“Everything we do in that parliament is for and on behalf of the people. On what basis and by what principle are these very people prohibited from receiving information which touch and concerns the mandates that they have given to us and their interest and their welfare which we are supposed to advance,” he added, as he pointed to the Anti-Money Laundering/Countering the Financing of Terrorism (AML/CFT) committee which saw both sides speaking to the press.

“A select committee that readily comes to mind is the AML/CFT Committee. Every single day both sides briefed the press on what transpired in the committee meetings. In fact when officials from CFATF (Caribbean Financial Action Task Force) were invited to brief the select committee they also addressed the press, why the change now?” he asked.

Edghill’s statement to the Privileges Committee chronicled the various initiatives that were taken to address his controversial statement.

He said that his statement on December 17 on the salary increase  could have been clarified had the Speaker allowed him a personal explanation to the House as had been requested by PPP/C’s Chief Whip Gail Teixeira in a letter to the Speaker on January 7, 2016. That request was denied.

On the same day, Edghill noted that Scotland convened a meeting as Speaker of the National Assembly at which he (Edghill) and other MPs were present. At this meeting, Edghill said Parliament Office produced its own figures on the salary increases which totalled $458 million compared to the government’s tally of $338 million. “It was clear that there were now three figures provided,” Edghill noted.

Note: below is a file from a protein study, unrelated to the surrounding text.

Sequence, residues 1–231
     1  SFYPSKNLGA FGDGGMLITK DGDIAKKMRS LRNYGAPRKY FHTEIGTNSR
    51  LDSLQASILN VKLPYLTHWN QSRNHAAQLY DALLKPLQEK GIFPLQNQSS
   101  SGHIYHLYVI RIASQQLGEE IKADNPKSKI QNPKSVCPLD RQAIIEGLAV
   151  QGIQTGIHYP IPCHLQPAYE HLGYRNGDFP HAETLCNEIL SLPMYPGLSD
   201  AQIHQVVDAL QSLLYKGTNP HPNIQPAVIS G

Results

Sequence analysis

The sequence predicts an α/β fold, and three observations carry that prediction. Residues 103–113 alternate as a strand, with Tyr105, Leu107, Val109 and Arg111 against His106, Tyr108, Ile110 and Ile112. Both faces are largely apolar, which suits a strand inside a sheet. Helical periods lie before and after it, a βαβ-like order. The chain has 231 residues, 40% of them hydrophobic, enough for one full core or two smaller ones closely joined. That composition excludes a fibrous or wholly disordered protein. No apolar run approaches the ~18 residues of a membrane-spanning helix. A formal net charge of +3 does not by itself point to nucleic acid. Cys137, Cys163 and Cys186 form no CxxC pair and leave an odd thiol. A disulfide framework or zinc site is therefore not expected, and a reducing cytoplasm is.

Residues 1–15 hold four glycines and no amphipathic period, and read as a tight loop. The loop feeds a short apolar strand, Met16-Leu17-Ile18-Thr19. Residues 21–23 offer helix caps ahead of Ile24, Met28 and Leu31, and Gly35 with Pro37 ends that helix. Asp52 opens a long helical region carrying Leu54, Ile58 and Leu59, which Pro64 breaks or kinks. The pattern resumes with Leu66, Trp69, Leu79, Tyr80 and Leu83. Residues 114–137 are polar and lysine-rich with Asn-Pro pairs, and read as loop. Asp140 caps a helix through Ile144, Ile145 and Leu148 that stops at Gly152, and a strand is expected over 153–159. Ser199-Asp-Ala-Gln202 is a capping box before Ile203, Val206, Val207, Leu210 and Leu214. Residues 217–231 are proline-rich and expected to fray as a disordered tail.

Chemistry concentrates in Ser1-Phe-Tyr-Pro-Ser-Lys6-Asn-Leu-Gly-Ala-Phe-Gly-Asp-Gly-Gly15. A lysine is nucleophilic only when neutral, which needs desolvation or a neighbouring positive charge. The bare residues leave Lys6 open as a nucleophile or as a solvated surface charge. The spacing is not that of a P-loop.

Edghill, a former Minister in the Ministry of Finance, said another meeting was summoned by the Speaker on January 21, 2016 during which the APNU+AFC Chief Whip Amna Ally demanded that he withdraw his figures and apologise to the House. Edghill said that APNU+AFC MP Raphael Trotman who was present at the meeting offered to draft language that would satisfy this request but he (Edghill) was not amenable to this.

The government then submitted a motion on February 11, 2016 for Edghill to be sent to the Privileges Committee but this did not come up until May 4, 2016 when it was read before the House and approved by the Speaker.

Edghill said that in August this year he was invited by the Speaker to discuss the matter in the interest of an “amicable settlement”. Edghill said that he told the Speaker   that he would be prepared to offer his computations in the presence of the Auditor General or the Accountant General.

At the final sitting in August, Edghill said he was again invited to meet with the Speaker and asked Nandlall to accompany him. Even in the absence of the Auditor General or the Accountant General he shared with the Speaker his computations. He said that the Speaker requested the computations in writing but that he (Edghill) did not honour that request.

On November 22, 2016 Edghill said he received a letter from the Clerk of the National Assembly summoning him to the Privileges Committee meeting.

The salary increases for ministers – particularly the 50% hike for Cabinet ministers – remains a matter of much controversy.